A shared goal of neuroscience and robotics is to understand how systems can be built to move effectively and autonomously through the world. However, state-of-the-art algorithms for selecting and executing limb behaviors in robots are still quite primitive compared with neural controllers used by animals. To inform the design of artificial systems, we are investigating how the fly, Drosophila melanogaster, selects and controls its behaviors and how this process can be modulated by learning. I will discuss how we are pursuing this research program by developing and using machine learning, microscopy, and modeling.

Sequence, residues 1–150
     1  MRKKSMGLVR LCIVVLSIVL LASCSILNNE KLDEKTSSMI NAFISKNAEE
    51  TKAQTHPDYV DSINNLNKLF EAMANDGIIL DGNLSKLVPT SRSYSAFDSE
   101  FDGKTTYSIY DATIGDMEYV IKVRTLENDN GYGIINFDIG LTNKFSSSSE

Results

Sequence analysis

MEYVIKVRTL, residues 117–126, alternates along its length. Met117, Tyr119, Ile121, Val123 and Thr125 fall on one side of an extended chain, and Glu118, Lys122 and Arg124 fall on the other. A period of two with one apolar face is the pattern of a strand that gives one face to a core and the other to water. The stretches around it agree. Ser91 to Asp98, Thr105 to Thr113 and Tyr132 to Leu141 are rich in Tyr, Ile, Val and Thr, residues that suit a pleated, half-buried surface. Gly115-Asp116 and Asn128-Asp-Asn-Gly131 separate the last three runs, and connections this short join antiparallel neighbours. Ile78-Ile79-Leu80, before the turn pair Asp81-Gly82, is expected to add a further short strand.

Pavan Ramdya, Firmenich Next Generation Chair of Neuroengineering, is the Director of the Neuroengineering Laboratory at EPFL in Lausanne, Switzerland. Dr. Ramdya received his PhD in Neurobiology from Harvard University and then performed postdoctoral work in robotics and neurogenetics. His laboratory aims to draw inspiration from animals in order to design more intelligent artificial and robotic controllers. To accomplish this, they develop and use computational, engineering, genetic, and microscopy approaches to investigate how neural population dynamics, biomechanics, and gene expression sculpt limb-dependent behaviors in Drosophila melanogaster. In recognition of his work, he has been awarded an HFSP Career Development Award, a Swiss National Science Foundation Eccellenza Grant, the UNIL Young Investigator Award in Basic Sciences, and membership in the FENS-Kavli Network of Excellence.